Of course, there's self interest involved. "Putin and the entire foreign policy establishment placed a premium on setting an independent strategic course, and really playing up differences with the West," Sarah Michaels of Oxford Analytica says. "One of those differences is Iran, where Russia has compelling and lucrative interests in the defence-industrial and energy sectors."
But the Russian elite isn't stupid, and their concerns over sanctions, or worse, a military attack in Iran are supported by 3 main concepts, all of which bear consideration.
1. Oil uncertainty is good for no-one
Much of the authority of the Russian government rests on the economy, and much of that economy rests on oil.
Stefan Wagstyl of the FT wrote earlier this week that some economists foresee a need for oil prices to keep above a minimum of $90 a barrel to keep their budget balanced. Less sympathetic viewpoints say that that price may in fact be $110. The Russian federal budget, with all its ambitious spending projects, calls for a $120.
Problems in the Middle East have driven oil prices high, so its easy to see this as a boon for Putin. Yuri Y. Mamchur of the Discovery Institute told us that the problems in Iran and Syria are "wonderful for the Russian economy".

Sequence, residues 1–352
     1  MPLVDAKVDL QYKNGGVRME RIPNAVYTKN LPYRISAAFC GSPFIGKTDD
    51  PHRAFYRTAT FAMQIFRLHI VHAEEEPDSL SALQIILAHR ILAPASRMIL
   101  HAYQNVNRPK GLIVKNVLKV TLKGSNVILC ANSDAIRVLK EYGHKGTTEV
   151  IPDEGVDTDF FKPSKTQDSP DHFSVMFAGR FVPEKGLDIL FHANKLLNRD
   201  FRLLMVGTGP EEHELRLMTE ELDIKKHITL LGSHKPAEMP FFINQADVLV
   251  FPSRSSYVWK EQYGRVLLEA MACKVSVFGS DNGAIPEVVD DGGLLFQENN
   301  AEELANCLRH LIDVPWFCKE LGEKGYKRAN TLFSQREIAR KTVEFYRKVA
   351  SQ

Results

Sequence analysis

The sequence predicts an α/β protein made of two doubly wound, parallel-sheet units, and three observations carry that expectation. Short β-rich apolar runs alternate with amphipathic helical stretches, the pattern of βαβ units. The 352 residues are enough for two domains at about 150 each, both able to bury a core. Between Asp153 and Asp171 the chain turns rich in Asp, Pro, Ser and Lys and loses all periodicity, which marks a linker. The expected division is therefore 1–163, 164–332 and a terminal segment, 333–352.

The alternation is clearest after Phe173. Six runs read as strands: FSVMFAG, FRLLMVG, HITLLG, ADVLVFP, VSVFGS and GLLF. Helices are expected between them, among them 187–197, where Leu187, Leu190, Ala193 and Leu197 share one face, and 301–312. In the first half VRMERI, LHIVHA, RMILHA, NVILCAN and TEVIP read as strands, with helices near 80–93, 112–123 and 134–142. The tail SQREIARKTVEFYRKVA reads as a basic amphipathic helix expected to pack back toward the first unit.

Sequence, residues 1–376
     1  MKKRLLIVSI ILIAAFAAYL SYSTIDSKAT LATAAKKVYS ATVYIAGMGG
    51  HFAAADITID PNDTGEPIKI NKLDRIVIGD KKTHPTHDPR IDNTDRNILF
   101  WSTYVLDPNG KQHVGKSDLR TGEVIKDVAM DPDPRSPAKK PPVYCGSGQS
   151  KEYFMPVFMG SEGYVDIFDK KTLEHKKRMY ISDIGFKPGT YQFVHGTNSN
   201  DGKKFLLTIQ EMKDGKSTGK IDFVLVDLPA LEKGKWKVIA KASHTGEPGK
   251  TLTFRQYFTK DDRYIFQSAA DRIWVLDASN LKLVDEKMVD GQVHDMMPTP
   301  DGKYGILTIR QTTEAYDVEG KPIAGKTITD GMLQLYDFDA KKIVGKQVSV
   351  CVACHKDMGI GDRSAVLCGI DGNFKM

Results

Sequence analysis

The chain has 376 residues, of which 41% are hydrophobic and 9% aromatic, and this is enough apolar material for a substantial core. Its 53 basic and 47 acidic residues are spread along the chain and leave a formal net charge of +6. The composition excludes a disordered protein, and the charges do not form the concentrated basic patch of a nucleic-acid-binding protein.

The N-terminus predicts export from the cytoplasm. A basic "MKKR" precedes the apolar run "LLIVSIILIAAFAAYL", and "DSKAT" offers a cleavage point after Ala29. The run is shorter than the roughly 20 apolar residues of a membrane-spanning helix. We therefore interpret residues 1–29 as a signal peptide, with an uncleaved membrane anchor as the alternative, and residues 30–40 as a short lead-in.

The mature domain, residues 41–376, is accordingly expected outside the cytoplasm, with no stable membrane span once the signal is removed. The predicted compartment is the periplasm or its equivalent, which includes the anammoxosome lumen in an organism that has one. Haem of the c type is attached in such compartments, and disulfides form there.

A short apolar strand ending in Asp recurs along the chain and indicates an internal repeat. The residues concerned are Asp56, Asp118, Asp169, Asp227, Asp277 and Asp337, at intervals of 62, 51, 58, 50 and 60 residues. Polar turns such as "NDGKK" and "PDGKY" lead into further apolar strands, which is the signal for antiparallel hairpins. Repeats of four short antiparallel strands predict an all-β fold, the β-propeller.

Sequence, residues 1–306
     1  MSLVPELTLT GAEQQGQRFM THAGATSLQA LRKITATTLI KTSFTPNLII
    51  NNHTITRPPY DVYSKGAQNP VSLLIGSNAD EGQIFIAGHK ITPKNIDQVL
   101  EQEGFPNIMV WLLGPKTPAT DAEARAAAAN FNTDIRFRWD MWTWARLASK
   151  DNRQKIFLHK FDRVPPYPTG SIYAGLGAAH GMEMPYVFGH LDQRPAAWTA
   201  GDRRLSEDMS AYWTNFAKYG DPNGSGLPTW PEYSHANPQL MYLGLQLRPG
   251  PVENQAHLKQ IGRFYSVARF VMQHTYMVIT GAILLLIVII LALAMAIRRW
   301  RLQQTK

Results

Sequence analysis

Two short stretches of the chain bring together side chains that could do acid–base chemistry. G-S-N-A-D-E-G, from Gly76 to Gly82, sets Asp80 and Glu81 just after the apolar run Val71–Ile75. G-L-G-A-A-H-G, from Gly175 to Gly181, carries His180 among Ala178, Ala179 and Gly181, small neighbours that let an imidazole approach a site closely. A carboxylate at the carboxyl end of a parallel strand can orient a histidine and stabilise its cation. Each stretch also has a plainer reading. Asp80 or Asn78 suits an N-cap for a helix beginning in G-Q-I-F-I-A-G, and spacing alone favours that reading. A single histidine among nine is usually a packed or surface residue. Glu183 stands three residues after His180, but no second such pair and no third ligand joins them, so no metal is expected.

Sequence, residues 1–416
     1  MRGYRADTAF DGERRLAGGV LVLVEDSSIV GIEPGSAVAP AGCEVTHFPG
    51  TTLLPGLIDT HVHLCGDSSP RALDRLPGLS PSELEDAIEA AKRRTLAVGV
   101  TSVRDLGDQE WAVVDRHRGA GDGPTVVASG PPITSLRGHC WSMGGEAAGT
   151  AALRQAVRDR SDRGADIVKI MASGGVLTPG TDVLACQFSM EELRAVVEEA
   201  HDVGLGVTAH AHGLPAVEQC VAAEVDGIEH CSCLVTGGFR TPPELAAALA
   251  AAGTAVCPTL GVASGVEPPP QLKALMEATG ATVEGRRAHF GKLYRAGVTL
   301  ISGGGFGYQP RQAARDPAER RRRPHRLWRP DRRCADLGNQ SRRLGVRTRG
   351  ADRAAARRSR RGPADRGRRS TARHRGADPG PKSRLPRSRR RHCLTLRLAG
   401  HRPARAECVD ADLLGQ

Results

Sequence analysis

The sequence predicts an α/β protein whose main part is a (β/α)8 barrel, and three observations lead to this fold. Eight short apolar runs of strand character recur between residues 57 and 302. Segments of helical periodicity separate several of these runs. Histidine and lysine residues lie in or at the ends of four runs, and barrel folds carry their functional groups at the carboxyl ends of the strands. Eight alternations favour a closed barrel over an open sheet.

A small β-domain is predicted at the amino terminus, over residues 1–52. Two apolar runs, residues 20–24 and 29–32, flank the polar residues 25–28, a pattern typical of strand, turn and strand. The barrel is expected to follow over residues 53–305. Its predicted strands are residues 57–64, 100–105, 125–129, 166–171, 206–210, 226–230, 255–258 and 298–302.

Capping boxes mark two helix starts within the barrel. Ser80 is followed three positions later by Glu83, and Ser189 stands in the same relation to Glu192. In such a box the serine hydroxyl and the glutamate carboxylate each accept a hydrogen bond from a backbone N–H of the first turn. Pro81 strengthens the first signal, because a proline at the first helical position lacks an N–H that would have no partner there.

However, at best this is a short-term fix.
"As economists, we should always try to ascertain why the oil prices might have risen," Ivan Tchakarov of Renaissance Capital says. "We have only two options — either the demand for oil has increased or its supply has fallen. In my view, if the former, then this is great for Russia as it means that world is doing very well. However, if the former, then probably bad for Russia as supply disruptions created by such conflicts like Iran/Israel usually mean heightened global uncertainty and a risk-off environment. Russia does not do well under such circumstances as it is a high-beta place, so investors usually flee in a risk-off backdrop."
Ultimately, while a high oil price may help Russia in the short term, they suffer as much as anyone from volatility — something an economy as un-diversified as Russia's cannot handle.